Safe Playrooms for Creativity and Fun

Look around – does your house look like it could pass for a daycare or maybe a plastic recycling center? Toys everywhere! Somehow the things don’t manage to stay confined to the kids’ rooms, do they? Here’s a hint: they never will! Time to consider designating a specific room in the house as a playroom. No worries – we’re here to help!

If you’ve checked online for playroom ideas, you’ve probably been as overwhelmed as we were. Some of those playrooms look like they popped out of a designer studio. While they may be visually striking to the adult who has a sense of whimsy, symmetry, style, and ambiance, they’re going to do zip for a young kid who wants to play Transformers vs. Barbies while eating cheese curls and drinking grape juice. Let’s consider for a moment the¬†actually logical components of a good playroom.

Why do the toys end up in the living room (and bathroom, and mom’s closet, and kitchen…)? Because the kid needs space! So when you’re putting a playroom together, don’t overcrowd it with accessories. A sofa to watch tv? Nah. Houseplants? Forget it. Floor or tabletop lamps…now you’re just asking for trouble. You need toy storage and as much space as you can afford for a fun, safe playroom. So start with the basics: walls, floor and space, storage, and lighting.

This can’t be stated too many times: washable walls. There are lots of options that assume kids are going to write on the walls or otherwise season them with their own additions. Chalkboard paint actually encourages the kids to write on the walls (though it’s up to you to teach them that just because it’s ok to write on the playroom walls does NOT mean the dining room is up for grabs). If you go with a standard interior paint, make sure it’s washable. We recommend a no VOC paint for a non-toxic playroom that’s safe from the get-go. Choose colors that appeal to the kids: check their favorite clothes or toys for ideas, or just ask them! Better yet, take them along to the paint store and let them pick out some paint color cards they like. And when you’re ready to hit the switch, nothing is going to last longer than some recessed lighting. Only a direct hit with a well-aimed projectile is going to destroy these babies. No lampshades to double as helmets, no long-necked floor lamps to be ridden into battle.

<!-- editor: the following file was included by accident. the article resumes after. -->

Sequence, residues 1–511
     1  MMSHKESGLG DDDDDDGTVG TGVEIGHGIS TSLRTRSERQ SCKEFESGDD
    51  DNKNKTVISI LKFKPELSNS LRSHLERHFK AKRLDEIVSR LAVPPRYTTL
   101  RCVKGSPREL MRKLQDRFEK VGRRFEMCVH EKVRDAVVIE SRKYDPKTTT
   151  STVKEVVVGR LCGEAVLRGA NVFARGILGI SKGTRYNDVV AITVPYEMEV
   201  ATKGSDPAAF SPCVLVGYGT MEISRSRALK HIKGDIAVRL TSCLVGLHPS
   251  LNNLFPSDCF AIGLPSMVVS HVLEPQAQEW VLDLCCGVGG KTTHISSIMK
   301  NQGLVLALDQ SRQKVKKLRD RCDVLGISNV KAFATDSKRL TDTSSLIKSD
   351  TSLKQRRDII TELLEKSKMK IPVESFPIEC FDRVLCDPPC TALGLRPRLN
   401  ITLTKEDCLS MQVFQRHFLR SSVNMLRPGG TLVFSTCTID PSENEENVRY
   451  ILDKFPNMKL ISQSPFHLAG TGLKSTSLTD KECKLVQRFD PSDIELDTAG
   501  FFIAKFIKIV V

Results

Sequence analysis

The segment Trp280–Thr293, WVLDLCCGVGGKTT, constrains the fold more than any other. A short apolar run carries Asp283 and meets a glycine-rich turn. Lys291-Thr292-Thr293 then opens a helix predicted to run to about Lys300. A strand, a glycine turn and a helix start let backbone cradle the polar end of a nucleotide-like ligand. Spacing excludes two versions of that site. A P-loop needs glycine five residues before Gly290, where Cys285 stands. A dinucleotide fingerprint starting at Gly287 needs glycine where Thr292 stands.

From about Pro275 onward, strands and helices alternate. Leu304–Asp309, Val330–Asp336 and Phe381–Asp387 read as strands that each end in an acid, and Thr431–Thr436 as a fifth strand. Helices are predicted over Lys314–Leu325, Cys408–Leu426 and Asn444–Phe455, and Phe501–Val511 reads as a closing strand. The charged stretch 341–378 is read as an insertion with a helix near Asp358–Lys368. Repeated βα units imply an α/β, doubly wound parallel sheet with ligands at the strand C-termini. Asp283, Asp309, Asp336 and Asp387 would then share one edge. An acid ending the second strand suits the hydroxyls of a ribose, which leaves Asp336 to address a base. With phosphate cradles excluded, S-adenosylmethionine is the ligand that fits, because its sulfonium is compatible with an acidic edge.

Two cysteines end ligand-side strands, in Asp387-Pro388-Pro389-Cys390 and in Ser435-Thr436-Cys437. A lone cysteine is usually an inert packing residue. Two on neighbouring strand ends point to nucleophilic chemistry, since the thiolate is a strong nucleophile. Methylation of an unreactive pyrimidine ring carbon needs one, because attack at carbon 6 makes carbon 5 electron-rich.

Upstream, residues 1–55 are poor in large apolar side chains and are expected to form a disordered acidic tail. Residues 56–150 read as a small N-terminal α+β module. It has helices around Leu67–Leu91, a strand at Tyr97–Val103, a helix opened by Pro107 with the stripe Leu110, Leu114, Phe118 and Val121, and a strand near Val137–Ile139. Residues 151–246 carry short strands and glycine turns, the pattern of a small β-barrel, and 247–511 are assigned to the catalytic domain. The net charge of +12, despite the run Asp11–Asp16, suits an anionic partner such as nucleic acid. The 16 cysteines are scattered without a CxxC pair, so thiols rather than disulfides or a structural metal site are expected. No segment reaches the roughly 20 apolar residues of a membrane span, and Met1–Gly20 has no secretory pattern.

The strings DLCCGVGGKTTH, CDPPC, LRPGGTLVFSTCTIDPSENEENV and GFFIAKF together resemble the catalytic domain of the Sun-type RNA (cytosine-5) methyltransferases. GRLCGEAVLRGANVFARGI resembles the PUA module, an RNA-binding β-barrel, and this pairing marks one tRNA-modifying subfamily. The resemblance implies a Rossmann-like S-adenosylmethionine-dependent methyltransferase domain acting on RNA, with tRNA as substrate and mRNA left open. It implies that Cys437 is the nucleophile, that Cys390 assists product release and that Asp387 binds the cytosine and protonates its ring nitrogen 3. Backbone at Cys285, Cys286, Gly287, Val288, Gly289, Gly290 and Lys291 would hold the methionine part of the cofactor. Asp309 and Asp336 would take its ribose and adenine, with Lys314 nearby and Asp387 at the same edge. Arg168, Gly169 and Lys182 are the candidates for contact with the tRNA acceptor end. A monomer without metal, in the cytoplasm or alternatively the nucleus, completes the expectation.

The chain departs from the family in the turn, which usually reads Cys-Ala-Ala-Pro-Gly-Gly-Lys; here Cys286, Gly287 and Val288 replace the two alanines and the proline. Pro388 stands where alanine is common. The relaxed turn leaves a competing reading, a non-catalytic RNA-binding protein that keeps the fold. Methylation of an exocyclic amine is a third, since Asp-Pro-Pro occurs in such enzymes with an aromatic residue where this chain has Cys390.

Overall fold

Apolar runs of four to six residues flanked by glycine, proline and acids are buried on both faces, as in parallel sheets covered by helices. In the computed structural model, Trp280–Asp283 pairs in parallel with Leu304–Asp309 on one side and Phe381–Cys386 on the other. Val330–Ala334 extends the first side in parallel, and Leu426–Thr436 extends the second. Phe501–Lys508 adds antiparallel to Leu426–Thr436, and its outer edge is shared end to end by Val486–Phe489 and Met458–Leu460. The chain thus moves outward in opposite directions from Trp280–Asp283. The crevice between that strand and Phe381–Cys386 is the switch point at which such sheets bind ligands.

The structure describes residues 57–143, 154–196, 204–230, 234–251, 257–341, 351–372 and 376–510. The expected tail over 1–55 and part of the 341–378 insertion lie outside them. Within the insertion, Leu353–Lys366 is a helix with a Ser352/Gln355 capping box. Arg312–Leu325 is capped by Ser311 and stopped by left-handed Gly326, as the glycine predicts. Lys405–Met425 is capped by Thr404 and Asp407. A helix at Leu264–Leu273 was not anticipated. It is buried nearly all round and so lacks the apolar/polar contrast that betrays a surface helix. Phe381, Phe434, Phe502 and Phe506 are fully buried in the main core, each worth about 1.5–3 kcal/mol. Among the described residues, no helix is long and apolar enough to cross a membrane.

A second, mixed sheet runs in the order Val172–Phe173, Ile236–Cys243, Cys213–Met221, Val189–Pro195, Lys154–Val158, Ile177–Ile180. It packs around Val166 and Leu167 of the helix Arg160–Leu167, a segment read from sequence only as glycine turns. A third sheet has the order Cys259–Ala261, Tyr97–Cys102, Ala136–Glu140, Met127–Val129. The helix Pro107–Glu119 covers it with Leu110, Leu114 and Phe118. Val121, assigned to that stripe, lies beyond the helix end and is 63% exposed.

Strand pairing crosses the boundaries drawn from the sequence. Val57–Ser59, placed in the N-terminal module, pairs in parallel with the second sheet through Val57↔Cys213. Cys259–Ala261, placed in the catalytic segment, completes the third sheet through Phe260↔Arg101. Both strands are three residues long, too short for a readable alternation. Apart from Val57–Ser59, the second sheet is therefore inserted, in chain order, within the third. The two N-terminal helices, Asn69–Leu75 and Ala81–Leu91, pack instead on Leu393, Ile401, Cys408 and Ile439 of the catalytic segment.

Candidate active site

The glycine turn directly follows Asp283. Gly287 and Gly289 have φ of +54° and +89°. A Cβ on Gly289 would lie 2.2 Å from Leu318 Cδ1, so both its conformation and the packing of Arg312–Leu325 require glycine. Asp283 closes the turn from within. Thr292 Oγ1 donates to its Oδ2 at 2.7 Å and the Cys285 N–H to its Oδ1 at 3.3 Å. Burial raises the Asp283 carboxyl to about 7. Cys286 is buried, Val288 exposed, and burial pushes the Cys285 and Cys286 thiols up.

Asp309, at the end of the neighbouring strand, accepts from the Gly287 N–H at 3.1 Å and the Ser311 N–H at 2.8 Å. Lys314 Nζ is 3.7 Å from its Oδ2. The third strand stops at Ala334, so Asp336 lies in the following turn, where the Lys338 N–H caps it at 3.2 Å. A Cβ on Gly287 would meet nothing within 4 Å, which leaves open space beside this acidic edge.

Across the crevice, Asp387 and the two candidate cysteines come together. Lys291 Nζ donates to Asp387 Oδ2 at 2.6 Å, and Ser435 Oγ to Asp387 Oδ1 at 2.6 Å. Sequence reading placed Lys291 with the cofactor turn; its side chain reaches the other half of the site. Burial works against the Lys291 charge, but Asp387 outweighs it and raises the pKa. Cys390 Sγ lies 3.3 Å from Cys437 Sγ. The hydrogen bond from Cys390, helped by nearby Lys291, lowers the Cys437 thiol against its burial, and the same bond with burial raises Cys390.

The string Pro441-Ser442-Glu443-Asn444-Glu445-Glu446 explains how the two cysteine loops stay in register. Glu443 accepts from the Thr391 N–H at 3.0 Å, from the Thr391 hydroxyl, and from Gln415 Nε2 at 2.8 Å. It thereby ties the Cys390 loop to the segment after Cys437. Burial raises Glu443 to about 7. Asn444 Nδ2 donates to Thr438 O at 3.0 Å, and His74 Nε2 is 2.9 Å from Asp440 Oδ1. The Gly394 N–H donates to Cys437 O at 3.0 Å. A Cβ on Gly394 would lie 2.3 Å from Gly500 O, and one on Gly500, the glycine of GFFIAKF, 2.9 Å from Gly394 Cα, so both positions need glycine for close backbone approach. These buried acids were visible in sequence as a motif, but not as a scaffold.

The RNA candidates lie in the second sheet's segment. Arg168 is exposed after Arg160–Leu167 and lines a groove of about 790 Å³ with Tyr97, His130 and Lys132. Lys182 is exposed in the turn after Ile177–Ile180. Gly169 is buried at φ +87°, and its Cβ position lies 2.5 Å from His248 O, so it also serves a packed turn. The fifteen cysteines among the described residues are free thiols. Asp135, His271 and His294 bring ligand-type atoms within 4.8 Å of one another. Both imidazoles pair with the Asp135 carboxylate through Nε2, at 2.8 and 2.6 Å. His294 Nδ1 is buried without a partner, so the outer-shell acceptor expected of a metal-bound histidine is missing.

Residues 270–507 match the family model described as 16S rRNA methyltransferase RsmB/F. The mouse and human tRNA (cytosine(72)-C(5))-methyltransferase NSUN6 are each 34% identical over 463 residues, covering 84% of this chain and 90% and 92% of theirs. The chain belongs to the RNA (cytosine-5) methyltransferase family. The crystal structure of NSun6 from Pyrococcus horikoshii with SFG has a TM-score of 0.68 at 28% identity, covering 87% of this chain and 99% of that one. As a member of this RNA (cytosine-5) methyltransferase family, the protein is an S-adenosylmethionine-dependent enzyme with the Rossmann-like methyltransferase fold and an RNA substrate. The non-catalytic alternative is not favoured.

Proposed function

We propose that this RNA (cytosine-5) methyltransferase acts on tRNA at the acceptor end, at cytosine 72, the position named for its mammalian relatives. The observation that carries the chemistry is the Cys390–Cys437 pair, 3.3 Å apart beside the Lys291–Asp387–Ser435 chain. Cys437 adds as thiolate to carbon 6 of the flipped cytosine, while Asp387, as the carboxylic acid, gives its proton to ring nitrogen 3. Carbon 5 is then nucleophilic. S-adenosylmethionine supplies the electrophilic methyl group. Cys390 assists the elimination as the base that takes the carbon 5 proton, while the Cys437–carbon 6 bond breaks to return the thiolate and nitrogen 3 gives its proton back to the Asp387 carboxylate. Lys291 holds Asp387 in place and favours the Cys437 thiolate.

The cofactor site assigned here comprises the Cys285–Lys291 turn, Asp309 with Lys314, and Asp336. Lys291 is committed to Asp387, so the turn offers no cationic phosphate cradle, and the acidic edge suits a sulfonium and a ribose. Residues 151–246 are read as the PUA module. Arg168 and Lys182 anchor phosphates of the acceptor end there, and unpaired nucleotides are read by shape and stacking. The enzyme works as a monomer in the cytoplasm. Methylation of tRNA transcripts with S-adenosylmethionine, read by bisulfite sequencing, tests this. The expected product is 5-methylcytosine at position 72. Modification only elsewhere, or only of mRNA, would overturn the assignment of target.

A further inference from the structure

Let’s talk about the floor. Of course we’re going to recommend EVA foam mats, and why wouldn’t we? The fact is, this playroom is doing more than providing toy storage and play space – it’s teaching your kids how to take care of things, including the space they play in. When the cheese curls are crushed underfoot and the grape juice spills, having an easily cleaned floor will make it less stressful to teach them how to handle these kinds of accidents. And while you’re teaching life lessons, it’s important to remember that kids, just like parents, need some me-time. While you might not feel comfortable leaving the 5 year-old completely alone, if you have created a safe space to play in, you can at least feel comfortable being in another room for a few minutes and letting her have her space. Any slips or tumbles taken on a foam flooring surface is going to be a lot easier to recover from than a hardwood or concrete surface. One or two kisses should suffice.

Bins, boxes, shelves (properly anchored to walls so they can’t be pulled over), and closets are going to make storage easier. Keep them to the periphery of the room so there’s lots of empty space for the imagination to fill. Because after all, that’s what the playroom is all about: being a place that can grow and change with your child and his imagination.